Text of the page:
Carpentier v. Alliance for Sustainable Energy, LLC
ORDER Granting 14 Motion for Summary Judgment. The Clerk shall enter judgment dismissing this civil action with prejudice with an award of costs to the defendant, by Judge Richard P. Matsch on 2/8/2018. (ktera)
IN THE UNITED STATES DISTRICT COURT
FOR THE DISTRICT OF COLORADO
Senior District Judge Richard P. Matsch
Civil Action No. 16-cv-02513-RPM
ALLIANCE FOR SUSTAINABLE ENERGY, LLC,
ORDER GRANTING SUMMARY JUDGMENT
Alliance for Sustainable Energy, LLC (“Alliance”) is the operator of the National
Renewable Energy Laboratory (“NREL”) in Golden, Colorado. Joseph Carpentier
worked as a computer specialist with Alliance from December, 2012, until he was
discharged on December 29, 2014, for job abandonment because of his failure to
comply with a requirement that he provide a medical clearance from a cardiologist for
his return to work after he had been sent home on November 5, 2014, as a result of a
perceived medical emergency. He denied that he needed medical assistance and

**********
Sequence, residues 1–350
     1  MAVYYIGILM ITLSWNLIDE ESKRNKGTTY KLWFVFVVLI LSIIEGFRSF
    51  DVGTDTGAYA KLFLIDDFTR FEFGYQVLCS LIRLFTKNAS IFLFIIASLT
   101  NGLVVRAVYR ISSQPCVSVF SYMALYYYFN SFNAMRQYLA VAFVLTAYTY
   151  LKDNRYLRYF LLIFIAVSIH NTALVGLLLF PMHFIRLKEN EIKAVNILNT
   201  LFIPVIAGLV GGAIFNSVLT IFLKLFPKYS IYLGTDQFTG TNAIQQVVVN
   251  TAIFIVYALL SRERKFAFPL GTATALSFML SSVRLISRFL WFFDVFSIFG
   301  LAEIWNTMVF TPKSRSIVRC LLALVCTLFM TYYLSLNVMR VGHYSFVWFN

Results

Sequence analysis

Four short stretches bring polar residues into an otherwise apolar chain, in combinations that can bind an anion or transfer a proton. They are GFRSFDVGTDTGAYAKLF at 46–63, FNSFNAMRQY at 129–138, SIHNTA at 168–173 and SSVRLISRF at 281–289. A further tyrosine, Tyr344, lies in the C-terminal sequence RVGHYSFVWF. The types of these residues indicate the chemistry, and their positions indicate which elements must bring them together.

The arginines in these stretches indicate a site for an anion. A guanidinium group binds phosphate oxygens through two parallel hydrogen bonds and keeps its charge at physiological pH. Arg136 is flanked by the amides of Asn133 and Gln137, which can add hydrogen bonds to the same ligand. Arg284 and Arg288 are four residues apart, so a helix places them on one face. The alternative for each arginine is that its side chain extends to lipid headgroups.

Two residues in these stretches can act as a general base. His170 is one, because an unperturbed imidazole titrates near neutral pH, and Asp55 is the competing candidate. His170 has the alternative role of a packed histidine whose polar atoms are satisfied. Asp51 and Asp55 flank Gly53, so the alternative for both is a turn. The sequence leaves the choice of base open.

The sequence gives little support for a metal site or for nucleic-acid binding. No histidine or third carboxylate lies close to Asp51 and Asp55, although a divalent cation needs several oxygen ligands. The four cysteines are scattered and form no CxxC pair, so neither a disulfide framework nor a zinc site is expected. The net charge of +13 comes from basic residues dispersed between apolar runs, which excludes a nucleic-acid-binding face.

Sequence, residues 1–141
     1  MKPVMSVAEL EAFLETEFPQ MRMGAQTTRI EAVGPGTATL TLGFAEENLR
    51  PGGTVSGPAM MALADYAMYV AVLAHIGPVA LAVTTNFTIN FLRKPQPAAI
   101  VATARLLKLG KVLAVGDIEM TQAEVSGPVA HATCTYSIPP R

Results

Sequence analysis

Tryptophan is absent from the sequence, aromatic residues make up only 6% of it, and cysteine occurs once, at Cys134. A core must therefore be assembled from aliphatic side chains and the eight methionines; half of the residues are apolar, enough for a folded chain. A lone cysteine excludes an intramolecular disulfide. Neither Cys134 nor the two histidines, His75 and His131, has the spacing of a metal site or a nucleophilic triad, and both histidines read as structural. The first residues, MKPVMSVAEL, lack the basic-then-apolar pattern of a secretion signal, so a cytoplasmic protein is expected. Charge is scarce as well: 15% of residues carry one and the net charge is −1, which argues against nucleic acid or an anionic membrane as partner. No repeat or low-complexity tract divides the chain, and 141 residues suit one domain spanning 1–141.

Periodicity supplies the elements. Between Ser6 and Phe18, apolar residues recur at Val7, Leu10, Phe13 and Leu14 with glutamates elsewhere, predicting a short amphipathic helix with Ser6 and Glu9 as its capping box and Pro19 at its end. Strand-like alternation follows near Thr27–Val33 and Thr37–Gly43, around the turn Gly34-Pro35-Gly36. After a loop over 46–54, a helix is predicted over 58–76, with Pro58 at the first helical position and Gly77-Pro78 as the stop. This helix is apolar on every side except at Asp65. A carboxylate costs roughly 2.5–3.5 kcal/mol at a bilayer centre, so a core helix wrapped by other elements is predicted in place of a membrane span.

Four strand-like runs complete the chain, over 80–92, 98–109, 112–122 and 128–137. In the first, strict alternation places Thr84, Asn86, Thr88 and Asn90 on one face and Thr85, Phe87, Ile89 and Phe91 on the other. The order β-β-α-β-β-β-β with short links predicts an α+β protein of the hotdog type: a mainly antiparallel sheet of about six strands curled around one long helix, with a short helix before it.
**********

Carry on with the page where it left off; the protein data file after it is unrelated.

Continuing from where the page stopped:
asserted that he was able to work at his job that day.
On April 24, 2015, Carpentier filed a Charge of Discrimination with the Equal
Employment Opportunity Commission (“EEOC”) alleging as follows:
I believe that I have been discriminated and retaliated against
within the meaning of the Americans with Disabilities Act of 1990 as
amended (“ADA”). I have qualifying disabilities within the meaning of the
ADA and/or was perceived as having a qualified disability by the
On June 18, 2015, Carpentier filed a claim for Social Security and Supplemental
Security Income (“SSI”) disability benefits due to congestive heart failure. He was
represented by Benjamin Kennedy of Bachus & Schanker, LLC. The alleged onset date
was November 5, 2014.
On October 10, 2016, Carpentier filed the complaint initiating this civil action
represented by Sara A. Green of Bachus & Schanker. The pleading asserts